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max length of varbinary type RRS feed

  • Question

  • Hi,

     

    I am study the varbinary type in SQL Server.

     

    The document at https://msdn.microsoft.com/en-us/library/ms188362.aspx said:

     

    varbinary [ ( n | max) ] : Variable-length binary data. n can be a value from 1 through 8,000. max indicates that the maximum storage size is 2^31-1 bytes.”

     

    Therefore, the maximum value of n is only 8,000. But when I use “max” as the length parameter, then the maximum length will increase to 2^31 -1 suddently. I cannot understand why SQL Server will use such a design. I think the maximum value of n should equal to the value when using “max” parameter, otherwise, if we know the maximum length is from 8001 to 2^31 - 1, I will have to use “max” as the parameter, which may cause a waste of spaces.

     

    Thanks

    Wednesday, January 6, 2016 2:35 AM

Answers

  • Hi chcw,

    SQL Server used to have a 8060 bytes limitation for each row. From the version 2005 to so far, the new structure using 3 different allocation units can exceeding the limitation.(Table and Index Organization)



    As Dan stated, a row with varbinary(MAX),varbinary(n) and some other type columns can fit into a Data(IN_ROW_DATA) page as long as the row size doesn't exceed the limitation. Subsequently after any operation(like an update statement) that extends the row size over the limitation , the varbinary(MAX) would go to LOB(LOB_DATA) pages, varbinary(n) would go to Row-OverFlow(ROW_OVERFLOW_DATA) pages and pointers would be maintained in the original page.

    Regarding why varbinary(MAX) suddenly increases to 2^31 -1, I think it is just by design, may be for more applicable to meet more demand.

    For your reference.
    SQL Server – Understanding Allocation Units – In Row Data, LOB Data & Row Overflow Data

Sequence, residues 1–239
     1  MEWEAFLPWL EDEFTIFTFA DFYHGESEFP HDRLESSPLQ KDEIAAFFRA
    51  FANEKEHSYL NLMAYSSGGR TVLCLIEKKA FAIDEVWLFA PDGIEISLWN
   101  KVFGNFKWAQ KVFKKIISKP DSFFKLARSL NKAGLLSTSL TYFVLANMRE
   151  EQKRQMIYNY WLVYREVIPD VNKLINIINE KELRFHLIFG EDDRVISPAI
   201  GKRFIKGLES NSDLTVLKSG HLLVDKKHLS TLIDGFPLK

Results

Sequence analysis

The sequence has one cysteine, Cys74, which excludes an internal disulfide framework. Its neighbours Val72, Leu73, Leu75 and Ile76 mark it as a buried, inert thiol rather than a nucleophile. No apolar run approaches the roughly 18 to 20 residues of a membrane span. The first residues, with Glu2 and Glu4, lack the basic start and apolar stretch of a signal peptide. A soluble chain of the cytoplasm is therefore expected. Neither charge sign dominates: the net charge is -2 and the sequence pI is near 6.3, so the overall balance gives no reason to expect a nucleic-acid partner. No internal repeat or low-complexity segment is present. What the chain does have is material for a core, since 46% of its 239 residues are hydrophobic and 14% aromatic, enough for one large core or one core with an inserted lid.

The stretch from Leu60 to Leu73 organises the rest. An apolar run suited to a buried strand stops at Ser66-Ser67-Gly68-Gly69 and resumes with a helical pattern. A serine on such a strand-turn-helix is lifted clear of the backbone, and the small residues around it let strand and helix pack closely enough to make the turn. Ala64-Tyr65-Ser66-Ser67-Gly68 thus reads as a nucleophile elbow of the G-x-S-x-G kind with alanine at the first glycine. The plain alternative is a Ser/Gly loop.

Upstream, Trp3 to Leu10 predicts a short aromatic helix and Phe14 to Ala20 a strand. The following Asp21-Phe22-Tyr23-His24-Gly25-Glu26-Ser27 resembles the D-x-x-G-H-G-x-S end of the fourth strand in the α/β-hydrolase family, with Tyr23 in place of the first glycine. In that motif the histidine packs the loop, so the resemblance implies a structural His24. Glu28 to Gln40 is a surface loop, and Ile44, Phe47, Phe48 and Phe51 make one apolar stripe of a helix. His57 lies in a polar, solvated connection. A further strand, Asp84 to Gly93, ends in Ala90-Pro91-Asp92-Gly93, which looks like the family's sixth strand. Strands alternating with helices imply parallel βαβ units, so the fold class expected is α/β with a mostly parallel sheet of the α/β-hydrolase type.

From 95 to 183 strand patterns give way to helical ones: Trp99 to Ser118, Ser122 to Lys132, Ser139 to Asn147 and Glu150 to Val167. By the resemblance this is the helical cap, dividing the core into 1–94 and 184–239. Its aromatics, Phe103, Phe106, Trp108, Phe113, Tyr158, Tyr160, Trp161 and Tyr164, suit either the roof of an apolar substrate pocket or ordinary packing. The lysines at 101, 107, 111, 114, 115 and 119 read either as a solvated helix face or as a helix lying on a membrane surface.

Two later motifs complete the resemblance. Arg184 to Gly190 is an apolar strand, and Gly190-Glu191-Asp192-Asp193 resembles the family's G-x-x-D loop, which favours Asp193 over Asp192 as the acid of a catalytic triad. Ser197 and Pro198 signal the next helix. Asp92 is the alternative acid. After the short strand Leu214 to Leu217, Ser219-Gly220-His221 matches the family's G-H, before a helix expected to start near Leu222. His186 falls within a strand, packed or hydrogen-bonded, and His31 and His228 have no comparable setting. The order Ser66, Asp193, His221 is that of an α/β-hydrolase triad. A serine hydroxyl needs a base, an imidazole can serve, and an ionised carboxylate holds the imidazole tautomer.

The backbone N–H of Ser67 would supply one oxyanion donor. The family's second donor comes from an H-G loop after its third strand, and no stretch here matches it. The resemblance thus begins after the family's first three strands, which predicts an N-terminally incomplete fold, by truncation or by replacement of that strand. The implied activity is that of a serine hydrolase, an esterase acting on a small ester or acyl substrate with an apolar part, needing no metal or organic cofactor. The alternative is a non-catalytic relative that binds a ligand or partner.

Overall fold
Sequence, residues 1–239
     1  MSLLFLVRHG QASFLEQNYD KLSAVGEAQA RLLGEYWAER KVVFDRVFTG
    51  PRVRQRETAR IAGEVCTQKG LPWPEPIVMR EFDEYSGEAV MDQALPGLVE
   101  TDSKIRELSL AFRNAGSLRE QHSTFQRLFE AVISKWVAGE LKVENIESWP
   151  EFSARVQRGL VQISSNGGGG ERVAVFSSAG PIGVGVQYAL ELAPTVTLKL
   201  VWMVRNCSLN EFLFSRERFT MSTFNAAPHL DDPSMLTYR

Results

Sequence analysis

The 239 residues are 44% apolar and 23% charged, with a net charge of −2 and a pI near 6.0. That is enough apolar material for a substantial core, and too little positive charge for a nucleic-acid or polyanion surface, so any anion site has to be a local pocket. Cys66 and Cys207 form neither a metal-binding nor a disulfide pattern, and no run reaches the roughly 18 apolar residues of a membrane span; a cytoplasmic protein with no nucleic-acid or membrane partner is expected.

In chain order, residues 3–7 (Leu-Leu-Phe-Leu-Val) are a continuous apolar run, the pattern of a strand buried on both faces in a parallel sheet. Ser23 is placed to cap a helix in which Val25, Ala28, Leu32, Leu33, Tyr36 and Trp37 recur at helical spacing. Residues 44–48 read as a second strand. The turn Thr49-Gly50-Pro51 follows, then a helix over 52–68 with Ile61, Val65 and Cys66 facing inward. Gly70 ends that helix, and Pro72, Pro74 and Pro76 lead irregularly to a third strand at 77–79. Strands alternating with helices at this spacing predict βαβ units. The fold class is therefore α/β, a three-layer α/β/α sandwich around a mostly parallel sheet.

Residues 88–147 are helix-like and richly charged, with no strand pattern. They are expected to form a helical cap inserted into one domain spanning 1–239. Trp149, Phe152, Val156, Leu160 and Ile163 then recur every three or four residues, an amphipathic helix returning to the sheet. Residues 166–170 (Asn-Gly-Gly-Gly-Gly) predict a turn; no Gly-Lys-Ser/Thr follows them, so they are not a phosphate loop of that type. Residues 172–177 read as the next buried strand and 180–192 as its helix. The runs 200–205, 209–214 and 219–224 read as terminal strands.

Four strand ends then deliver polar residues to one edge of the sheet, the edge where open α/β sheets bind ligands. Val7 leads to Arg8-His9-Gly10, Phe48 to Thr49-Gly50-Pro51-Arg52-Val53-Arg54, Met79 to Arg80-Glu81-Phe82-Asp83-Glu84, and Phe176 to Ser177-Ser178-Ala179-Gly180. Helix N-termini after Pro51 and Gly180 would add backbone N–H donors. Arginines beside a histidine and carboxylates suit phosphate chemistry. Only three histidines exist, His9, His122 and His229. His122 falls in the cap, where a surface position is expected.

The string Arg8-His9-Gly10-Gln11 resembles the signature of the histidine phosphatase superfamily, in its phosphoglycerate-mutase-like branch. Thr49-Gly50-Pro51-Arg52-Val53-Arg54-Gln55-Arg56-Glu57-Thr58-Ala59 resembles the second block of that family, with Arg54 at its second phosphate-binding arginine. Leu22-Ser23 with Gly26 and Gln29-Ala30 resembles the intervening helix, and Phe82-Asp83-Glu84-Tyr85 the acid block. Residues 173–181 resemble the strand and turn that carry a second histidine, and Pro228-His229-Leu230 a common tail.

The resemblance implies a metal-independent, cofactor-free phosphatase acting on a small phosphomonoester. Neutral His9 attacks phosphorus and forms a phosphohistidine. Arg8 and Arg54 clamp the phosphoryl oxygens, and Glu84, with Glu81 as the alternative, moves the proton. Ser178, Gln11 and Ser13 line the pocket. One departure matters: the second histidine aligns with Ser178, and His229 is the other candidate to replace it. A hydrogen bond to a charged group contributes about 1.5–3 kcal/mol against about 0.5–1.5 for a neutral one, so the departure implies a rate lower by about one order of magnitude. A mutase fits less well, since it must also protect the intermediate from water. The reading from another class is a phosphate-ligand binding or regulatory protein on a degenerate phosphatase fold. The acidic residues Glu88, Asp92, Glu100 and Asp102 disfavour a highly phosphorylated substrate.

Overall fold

If you have any feedback on our support, you can click here.


    Eric Zhang
    TechNet Community Support


    • Edited by Eric__Zhang Wednesday, January 6, 2016 6:57 AM
    • Proposed as answer by Eric__Zhang Thursday, January 21, 2016 10:47 AM
    • Marked as answer by Eric__Zhang Wednesday, January 27, 2016 1:57 AM
    Wednesday, January 6, 2016 6:48 AM

All replies

  • Varbinary(MAX) stores data similarly to varbinary(n) when the row can fit into an 8K page. The length is variable and only the actual size is stored, plus overhead.  However, when the value is over 8000 bytes, the value is stored in separate pages than the rest of the row.  There is more wasted space in that case but it is limited to 8K pages allocations.


    Dan Guzman, Data Platform MVP, http://www.dbdelta.com

    Wednesday, January 6, 2016 3:05 AM
  • The link also says this

    The storage size is the actual length of the data entered + 2 bytes

    So the actual length depends on data you store

    Also for large data ie > 8000 you can choose to store it in DB or in filesystem (using FILESTREAM)

    In DB it supports upto 2 GB and if using FILESTREAM size is limited by your file system for NTFS



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    Wednesday, January 6, 2016 5:47 AM
  • Hi chcw,

    SQL Server used to have a 8060 bytes limitation for each row. From the version 2005 to so far, the new structure using 3 different allocation units can exceeding the limitation.(Table and Index Organization)



    As Dan stated, a row with varbinary(MAX),varbinary(n) and some other type columns can fit into a Data(IN_ROW_DATA) page as long as the row size doesn't exceed the limitation. Subsequently after any operation(like an update statement) that extends the row size over the limitation , the varbinary(MAX) would go to LOB(LOB_DATA) pages, varbinary(n) would go to Row-OverFlow(ROW_OVERFLOW_DATA) pages and pointers would be maintained in the original page.

    Regarding why varbinary(MAX) suddenly increases to 2^31 -1, I think it is just by design, may be for more applicable to meet more demand.

    For your reference.
    SQL Server – Understanding Allocation Units – In Row Data, LOB Data & Row Overflow Data

    If you have any feedback on our support, you can click here.


    Eric Zhang
    TechNet Community Support


    • Edited by Eric__Zhang Wednesday, January 6, 2016 6:57 AM
    • Proposed as answer by Eric__Zhang Thursday, January 21, 2016 10:47 AM
    • Marked as answer by Eric__Zhang Wednesday, January 27, 2016 1:57 AM
    Wednesday, January 6, 2016 6:48 AM